The changes announced by Unity to its engine price last week prompted an immediate and overwhelmingly negative reaction from game developers outraged that new fees were being introduced at short notice, levied on top of existing charges, implemented retroactively, and failed to take into account numerous apparently unintended impacts.
Unity has since made a series of adjustments and concessions in response to the outcry, while sticking with the core of the plan. But why has Unity decided to make such fundamental changes so suddenly, and how has it stumbled so badly on implementing them?
The answer is that the company has found itself backed into a corner financially thanks to a combination of overspending and bad luck, and has seemingly tried to both solve an immediate financial crunch and adjust its long-term strategic priorities in one fell swoop. With priorities muddled, this was always going to be a tough balance to achieve, so it’s little surprise that things have not gone according to plan, though Unity may yet achieve at least some of its goals.
Unity’s profitability struggles are not new
The fundamental strategic problem with Unity’s game engine business is lack of scalability. Its current game engine pricing is not exactly flat, but it scales only to a limited degree. Studios pay per seat, with larger organizations paying a higher fee per seat. So bigger companies do pay more to use Unity, but in practice they do not pay a great deal relative to their total revenue.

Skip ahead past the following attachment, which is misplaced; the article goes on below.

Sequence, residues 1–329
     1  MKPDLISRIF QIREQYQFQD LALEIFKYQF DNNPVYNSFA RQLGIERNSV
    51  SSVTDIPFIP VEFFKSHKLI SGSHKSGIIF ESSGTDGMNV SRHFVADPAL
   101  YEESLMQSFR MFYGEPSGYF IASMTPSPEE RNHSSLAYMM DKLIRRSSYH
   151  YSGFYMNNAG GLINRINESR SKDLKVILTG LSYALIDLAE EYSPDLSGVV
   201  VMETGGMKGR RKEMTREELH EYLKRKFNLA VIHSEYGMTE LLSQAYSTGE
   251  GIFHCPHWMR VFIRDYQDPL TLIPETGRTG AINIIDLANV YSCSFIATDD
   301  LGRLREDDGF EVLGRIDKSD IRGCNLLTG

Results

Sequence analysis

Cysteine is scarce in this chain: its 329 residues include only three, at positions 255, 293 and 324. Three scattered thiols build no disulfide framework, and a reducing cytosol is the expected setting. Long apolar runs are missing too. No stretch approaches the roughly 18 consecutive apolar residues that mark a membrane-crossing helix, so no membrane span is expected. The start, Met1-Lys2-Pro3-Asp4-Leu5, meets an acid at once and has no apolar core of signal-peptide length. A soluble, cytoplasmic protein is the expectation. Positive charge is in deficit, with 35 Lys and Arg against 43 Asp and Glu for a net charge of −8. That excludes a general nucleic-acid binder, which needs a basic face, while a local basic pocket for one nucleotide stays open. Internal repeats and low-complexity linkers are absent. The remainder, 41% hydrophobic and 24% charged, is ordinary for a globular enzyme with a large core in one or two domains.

Unity itself claims that 70% of the top 1,000 mobile game studios use its engine. But Unity’s Create solutions earned just $716m (not all of which is game engine revenue) in 2022, compared to $161bn in total mobile games revenue. Crucially, Unity’s model does not allow it to tap into the success of the biggest hit games made using its engine—unlike Unreal Engine, which charges a 5% revenue share.
This is not a new development. Unity has never been profitable and it spends significantly more developing its engine than it earns from fees. Yet Unity has nonetheless consistently attracted outside investment, not least earning more than $1.3bn from its IPO in 2020. The company was at one point valued at more than $50bn, which could not have happened if investors didn’t believe that the company had—or would eventually create—a scalable business model.
Until recently, it appeared that this model would be to accept relatively modest game engine revenue and cross-subsidize development of the engine from other, more profitable business lines. The rapid growth of Unity’s advertising business in recent years seemed to vindicate this strategy, which the company doubled down on with the acquisition of rival ad network IronSource last year.
Around the same time, Unity officially launched Unity Gaming Services, a portfolio of backend and LiveOps services, mostly priced on a scalable pay-per-use model. These business lines do in fact generate more revenue than core development tools. According to Omdia’s Games Tech Market Forecast, games companies spent $10.9bn on operations technology and $6.4bn on monetization solutions in 2022, compared to $2.9bn on development tools.
Figure 1: Games companies spend far more on operations and monetization than core development tools
However, the recent downturn in the digital advertising market has hit Unity’s ad business—a particularly severe blow given the $4.4bn spent acquiring IronSource. With investor capital drying up, Unity scrambled to shore up profitability through a price hike and several rounds of layoffs.